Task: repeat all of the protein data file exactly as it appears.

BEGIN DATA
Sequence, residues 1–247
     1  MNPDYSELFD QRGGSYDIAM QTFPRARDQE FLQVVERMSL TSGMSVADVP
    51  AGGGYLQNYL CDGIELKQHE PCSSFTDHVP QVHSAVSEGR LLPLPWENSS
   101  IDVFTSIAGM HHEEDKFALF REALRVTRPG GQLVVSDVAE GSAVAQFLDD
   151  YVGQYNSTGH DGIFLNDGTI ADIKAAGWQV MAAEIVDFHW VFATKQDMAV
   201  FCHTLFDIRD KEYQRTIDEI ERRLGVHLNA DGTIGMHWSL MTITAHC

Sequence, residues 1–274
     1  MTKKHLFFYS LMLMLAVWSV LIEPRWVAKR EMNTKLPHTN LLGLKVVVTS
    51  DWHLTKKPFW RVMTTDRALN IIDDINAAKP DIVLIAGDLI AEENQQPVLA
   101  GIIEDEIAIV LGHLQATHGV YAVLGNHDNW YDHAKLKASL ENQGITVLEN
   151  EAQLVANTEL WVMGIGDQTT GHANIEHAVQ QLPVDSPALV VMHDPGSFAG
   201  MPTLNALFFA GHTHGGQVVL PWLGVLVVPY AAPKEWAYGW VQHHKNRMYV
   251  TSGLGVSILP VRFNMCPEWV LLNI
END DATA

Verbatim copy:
Sequence, residues 1–247
     1  MNPDYSELFD QRGGSYDIAM QTFPRARDQE FLQVVERMSL TSGMSVADVP
    51  AGGGYLQNYL CDGIELKQHE PCSSFTDHVP QVHSAVSEGR LLPLPWENSS
   101  IDVFTSIAGM HHEEDKFALF REALRVTRPG GQLVVSDVAE GSAVAQFLDD
   151  YVGQYNSTGH DGIFLNDGTI ADIKAAGWQV MAAEIVDFHW VFATKQDMAV
   201  FCHTLFDIRD KEYQRTIDEI ERRLGVHLNA DGTIGMHWSL MTITAHC

Sequence, residues 1–274
     1  MTKKHLFFYS LMLMLAVWSV LIEPRWVAKR EMNTKLPHTN LLGLKVVVTS
    51  DWHLTKKPFW RVMTTDRALN IIDDINAAKP DIVLIAGDLI AEENQQPVLA
   101  GIIEDEIAIV LGHLQATHGV YAVLGNHDNW YDHAKLKASL ENQGITVLEN
   151  EAQLVANTEL WVMGIGDQTT GHANIEHAVQ QLPVDSPALV VMHDPGSFAG
   201  MPTLNALFFA GHTHGGQVVL PWLGVLVVPY AAPKEWAYGW VQHHKNRMYV
   251  TSGLGVSILP VRFNMCPEWV LLNI